Successful IT departments are staffed with people who never stop learning. Most started with Computing 101 and broadened their skill sets from there, each working to master their respective specialties. But it's easy to forget that not every user in the agency or bureau has taken Computing 101, and all too often IT equips them with computers but fails to give them the information they need to stay out of trouble.
Malware attacks, virus outbreaks and crippled networks cost organizations an exorbitant amount of money each year. Every one of these disasters started with a single compromised machine. To mitigate risk and prevent the preventable, ensure that these five basic guidelines are part of new-user training and as well as refresher courses for veteran users.
Such programs can degrade computer performance and may introduce network security risks. As a general rule, users should always avoid toolbars, download accelerators and unsupported programs that run in the system tray and update in real time.
Most agencies go to great pains to filter unwanted junk, phishing and other malevolent e-mail, but even the best tools let an occasional bad message slip through. Ask users to be on the lookout for characteristics of suspicious e-mail and learn to discern what should and shouldn't be opened.
An unexpected e-mail from someone you know with a strange subject line? When in doubt, contact the help desk before opening it. Most techs would rather spend two minutes identifying a false alarm than two hours working to fix a compromised machine.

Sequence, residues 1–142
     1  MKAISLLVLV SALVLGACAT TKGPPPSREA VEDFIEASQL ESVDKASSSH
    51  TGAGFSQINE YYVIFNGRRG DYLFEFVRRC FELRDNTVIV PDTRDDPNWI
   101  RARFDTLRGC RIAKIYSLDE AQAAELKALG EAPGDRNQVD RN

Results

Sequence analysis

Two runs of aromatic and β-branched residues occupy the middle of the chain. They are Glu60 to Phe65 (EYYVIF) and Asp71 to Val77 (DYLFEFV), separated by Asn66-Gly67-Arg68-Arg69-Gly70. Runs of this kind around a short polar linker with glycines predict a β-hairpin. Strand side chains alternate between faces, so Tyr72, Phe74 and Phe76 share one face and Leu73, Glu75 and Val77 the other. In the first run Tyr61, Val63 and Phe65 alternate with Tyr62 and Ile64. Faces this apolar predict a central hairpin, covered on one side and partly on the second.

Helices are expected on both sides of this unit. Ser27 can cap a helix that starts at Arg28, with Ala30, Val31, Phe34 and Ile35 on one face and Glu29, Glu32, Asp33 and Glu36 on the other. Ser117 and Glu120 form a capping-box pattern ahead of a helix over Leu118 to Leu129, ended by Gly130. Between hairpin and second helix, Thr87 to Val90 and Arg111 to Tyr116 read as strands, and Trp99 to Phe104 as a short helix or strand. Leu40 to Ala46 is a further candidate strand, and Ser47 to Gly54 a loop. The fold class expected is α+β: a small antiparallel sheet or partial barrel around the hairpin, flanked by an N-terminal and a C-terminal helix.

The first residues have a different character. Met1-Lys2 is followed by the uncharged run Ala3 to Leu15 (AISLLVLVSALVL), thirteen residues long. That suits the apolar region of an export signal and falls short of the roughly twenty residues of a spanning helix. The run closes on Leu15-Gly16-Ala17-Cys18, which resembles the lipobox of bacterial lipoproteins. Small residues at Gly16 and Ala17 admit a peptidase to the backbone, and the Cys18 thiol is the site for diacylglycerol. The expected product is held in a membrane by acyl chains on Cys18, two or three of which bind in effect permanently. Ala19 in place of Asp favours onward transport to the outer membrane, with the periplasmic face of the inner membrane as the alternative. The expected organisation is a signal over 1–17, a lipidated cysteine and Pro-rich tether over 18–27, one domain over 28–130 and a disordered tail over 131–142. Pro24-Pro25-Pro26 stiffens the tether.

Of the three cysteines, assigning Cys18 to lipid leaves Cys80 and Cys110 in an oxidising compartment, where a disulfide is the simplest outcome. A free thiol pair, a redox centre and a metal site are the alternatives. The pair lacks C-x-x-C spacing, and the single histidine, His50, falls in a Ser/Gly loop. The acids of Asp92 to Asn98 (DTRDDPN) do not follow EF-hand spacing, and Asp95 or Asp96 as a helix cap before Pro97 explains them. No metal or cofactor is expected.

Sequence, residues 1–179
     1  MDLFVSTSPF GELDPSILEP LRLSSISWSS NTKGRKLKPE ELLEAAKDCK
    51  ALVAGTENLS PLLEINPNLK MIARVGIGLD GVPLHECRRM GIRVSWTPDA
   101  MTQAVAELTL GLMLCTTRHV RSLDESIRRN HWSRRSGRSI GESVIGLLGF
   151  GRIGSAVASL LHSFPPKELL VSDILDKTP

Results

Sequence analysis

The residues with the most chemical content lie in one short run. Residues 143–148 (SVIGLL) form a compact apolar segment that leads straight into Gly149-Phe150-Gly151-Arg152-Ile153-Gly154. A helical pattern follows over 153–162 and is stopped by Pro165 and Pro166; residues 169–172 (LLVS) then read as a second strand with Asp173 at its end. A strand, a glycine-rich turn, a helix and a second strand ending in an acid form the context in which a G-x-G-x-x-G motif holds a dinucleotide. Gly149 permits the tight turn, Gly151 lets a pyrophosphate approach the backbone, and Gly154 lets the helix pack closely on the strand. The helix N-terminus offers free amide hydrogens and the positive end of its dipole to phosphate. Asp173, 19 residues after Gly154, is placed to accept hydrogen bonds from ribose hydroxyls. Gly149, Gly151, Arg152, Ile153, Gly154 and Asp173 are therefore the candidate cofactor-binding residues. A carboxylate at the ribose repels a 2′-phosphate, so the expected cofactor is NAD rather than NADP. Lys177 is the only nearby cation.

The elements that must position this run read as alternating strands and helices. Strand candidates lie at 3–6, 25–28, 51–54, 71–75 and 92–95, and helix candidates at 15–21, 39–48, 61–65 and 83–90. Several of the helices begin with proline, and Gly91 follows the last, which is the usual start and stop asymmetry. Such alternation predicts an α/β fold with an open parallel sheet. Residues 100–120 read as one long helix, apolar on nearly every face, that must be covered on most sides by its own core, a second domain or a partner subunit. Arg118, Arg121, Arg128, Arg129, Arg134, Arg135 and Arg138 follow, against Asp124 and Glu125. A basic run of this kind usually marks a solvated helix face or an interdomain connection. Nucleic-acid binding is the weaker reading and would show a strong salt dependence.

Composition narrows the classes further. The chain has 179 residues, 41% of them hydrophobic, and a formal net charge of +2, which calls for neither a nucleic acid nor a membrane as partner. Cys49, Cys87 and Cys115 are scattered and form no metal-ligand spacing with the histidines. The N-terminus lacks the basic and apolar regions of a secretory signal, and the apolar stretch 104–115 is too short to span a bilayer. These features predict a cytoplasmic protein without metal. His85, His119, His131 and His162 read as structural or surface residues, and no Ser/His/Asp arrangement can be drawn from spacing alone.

Even though IT departments regularly back up user and group network shares, many users also save files to their hard drives -- or, worse yet, to a removable thumb drive. The convenience of having files available offline quickly can become a nightmare the moment a drive is lost or a notebook computer is stolen.
Don't keep files "local" for any longer than necessary, and back up all data files to the network at least once weekly.
Public wireless hotspots are a playland for identity thieves and other cyberfelons. Treat every public Wi-Fi network as though other users can see everything you're doing because, chances are, someone will be watching. Be vigilant in these situations and sparing in what you do, and always avoid making purchases over unsecured networks.
To encrypt sensitive data, use VPNs to perform work-related tasks such as checking mail and transferring files. If practical, tether with a mobile phone and skip hotspots altogether. Though this will cause arguably slower performance, mobile networks tend to employ better security measures.
Nobody likes having their work interrupted by the ubiquitous "update available" pop-up, and it can seem overwhelming when so many programs want to update -- from Windows to a litany of browser plug-ins, readers, productivity suites and driver software. Unfortunately, this is a necessary evil.
These updates not only add stability enhancements, but they are frequently released to address critical security concerns. IT should either push out updates quickly or encourage users to install any updates as soon as they're prompted to do so.